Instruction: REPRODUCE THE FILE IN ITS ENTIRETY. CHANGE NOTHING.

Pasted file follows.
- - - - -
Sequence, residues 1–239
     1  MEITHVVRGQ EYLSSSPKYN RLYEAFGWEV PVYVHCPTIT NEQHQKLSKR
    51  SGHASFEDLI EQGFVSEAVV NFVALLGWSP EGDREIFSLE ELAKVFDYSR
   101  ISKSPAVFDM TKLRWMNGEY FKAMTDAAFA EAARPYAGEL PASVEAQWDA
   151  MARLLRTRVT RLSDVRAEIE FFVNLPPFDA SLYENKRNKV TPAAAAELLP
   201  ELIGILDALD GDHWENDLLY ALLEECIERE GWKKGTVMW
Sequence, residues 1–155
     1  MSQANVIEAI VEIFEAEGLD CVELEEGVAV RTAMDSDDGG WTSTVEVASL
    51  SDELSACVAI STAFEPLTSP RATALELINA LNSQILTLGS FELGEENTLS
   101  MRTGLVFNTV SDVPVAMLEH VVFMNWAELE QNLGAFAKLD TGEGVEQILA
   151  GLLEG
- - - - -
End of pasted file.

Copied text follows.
Sequence, residues 1–239
     1  MEITHVVRGQ EYLSSSPKYN RLYEAFGWEV PVYVHCPTIT NEQHQKLSKR
    51  SGHASFEDLI EQGFVSEAVV NFVALLGWSP EGDREIFSLE ELAKVFDYSR
   101  ISKSPAVFDM TKLRWMNGEY FKAMTDAAFA EAARPYAGEL PASVEAQWDA
   151  MARLLRTRVT RLSDVRAEIE FFVNLPPFDA SLYENKRNKV TPAAAAELLP
   201  ELIGILDALD GDHWENDLLY ALLEECIERE GWKKGTVMW
Sequence, residues 1–155
     1  MSQANVIEAI VEIFEAEGLD CVELEEGVAV RTAMDSDDGG WTSTVEVASL
    51  SDELSACVAI STAFEPLTSP RATALELINA LNSQILTLGS FELGEENTLS
   101  MRTGLVFNTV SDVPVAMLEH VVFMNWAELE QNLGAFAKLD TGEGVEQILA
   151  GLLEG